How to Sell a Limited Company

  • Written By : Kasra Dash
  • Time : 6 minutes

There are several reasons why you might want to sell your limited company. Maybe you cannot run the business and need cash to pay bills or make an investment elsewhere. You might want to realise whatever earnings you have made. Perhaps you think it is time for you to retire.

Whatever the reason, there are legal requirements and procedures to consider before selling your business.

We’ll outline some available options for you and explain what to consider when choosing which route to take.

Steps on How to Sell a Limited Company

Here are some steps on how you could sell your limited company:

Get a Business Valuation

The shareholding must be valued before being sold. There is typically an agreed-upon method for determining the shareholding value in your company’s shareholders agreement.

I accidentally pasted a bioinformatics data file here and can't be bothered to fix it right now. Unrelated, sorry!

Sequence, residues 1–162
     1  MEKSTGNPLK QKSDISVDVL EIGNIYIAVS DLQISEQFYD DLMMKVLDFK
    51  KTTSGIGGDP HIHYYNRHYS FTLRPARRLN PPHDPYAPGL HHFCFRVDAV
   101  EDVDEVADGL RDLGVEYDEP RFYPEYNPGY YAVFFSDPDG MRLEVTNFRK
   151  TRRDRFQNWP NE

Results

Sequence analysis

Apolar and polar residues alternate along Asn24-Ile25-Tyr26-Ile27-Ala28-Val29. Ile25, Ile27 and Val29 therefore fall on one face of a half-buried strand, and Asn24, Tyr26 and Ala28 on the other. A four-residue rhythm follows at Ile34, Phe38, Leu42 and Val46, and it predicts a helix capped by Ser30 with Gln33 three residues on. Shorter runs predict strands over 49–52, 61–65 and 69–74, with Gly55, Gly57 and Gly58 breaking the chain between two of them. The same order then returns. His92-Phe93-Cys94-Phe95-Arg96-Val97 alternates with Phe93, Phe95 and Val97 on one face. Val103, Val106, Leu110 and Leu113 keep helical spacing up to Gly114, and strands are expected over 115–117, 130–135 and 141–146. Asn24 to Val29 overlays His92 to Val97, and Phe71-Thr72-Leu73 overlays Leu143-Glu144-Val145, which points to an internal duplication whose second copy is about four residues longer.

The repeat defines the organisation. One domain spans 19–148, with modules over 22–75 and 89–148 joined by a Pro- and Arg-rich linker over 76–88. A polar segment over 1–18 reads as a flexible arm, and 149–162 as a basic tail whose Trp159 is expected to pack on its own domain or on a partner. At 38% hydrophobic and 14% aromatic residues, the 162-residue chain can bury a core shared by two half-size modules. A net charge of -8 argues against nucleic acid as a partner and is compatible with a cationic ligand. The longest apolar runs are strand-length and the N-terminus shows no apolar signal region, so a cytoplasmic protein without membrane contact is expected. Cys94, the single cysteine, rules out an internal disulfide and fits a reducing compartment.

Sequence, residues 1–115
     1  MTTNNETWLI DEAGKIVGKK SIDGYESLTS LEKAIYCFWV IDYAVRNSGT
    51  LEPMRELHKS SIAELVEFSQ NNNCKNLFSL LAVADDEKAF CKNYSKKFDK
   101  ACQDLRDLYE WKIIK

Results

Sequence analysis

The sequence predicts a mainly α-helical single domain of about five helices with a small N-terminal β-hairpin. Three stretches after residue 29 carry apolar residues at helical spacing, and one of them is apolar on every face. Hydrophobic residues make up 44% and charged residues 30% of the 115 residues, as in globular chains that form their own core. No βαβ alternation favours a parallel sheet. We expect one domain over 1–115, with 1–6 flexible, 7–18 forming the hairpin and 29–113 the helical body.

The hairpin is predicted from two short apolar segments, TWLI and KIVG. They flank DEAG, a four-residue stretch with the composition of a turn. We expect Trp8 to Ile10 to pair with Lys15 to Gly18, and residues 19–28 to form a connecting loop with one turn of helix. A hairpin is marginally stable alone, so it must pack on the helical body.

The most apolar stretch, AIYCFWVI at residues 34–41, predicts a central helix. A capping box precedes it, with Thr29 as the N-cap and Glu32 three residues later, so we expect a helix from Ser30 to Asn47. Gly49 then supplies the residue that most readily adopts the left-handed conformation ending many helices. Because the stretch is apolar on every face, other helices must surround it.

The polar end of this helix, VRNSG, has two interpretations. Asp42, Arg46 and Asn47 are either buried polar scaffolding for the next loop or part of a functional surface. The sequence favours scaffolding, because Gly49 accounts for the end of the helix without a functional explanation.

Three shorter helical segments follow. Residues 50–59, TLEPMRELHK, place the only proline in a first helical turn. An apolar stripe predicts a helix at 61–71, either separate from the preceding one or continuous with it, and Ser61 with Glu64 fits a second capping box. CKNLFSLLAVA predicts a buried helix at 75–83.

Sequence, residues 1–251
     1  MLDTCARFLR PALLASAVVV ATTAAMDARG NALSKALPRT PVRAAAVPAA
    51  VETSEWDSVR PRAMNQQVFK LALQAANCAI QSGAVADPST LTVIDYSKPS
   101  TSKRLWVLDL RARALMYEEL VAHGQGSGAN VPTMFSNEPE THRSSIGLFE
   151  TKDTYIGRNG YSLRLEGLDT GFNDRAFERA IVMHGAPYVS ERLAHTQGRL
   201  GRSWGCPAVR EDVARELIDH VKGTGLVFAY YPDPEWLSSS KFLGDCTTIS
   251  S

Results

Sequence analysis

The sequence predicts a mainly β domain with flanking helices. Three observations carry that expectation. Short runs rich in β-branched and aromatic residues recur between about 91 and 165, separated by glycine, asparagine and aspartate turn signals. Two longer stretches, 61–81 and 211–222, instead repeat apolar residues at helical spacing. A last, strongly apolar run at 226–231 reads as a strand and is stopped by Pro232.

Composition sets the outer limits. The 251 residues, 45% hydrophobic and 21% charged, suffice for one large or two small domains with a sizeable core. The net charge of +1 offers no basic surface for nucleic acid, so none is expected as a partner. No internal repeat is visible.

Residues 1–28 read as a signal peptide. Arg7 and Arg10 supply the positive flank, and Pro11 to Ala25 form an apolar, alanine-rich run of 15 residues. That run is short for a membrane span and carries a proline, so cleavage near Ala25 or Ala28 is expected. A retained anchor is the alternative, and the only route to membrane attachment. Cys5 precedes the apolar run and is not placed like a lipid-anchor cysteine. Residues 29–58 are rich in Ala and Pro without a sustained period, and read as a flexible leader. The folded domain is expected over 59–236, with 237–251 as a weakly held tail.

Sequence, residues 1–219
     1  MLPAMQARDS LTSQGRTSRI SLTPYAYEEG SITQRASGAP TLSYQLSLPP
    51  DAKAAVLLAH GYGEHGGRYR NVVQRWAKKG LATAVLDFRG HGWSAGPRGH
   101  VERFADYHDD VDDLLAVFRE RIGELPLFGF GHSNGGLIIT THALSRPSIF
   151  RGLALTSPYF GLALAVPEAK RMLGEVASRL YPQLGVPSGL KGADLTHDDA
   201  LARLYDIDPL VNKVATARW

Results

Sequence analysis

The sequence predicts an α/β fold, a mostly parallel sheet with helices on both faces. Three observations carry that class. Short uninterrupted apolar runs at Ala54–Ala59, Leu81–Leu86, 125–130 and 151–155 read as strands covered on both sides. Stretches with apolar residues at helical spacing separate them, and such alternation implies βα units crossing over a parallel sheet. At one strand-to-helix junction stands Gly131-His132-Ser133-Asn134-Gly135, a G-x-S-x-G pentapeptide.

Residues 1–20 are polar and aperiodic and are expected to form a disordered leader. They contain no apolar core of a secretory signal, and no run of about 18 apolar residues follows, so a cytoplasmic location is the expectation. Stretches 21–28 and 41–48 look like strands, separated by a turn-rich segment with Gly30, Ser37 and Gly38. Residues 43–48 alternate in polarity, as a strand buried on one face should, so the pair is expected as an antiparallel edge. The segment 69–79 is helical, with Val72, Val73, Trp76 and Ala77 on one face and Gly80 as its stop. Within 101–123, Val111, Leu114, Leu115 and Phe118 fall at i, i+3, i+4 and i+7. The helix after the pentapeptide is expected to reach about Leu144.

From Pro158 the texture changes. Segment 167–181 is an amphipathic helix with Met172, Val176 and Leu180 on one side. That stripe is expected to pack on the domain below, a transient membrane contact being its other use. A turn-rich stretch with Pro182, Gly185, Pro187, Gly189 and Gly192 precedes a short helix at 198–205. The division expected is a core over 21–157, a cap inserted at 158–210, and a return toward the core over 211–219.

In the absence of such an agreement, seek the service of an accountant who has experience valuing private limited companies and can help reduce the likelihood of conflict and disagreement between you and the buyer.

Prepare for Due Diligence

Prospective buyers usually hire accountants and solicitors to conduct rigorous due diligence investigations to ensure they get a good deal. Be ready for this because any gaps or errors can be a deal-breaker.

Having a lawyer or accountant handle this stage on your behalf would be wise.

Credit Check Your Buyers

Check the buyer’s funding source and the funds transfer process. You must also consider the buyer’s reputation and the legal documentation that must be prepared before proceeding with the sale.

Carry out the Sale

Review all documents, then work toward a mutually convenient sale date. The essential documents that you should check are as follows: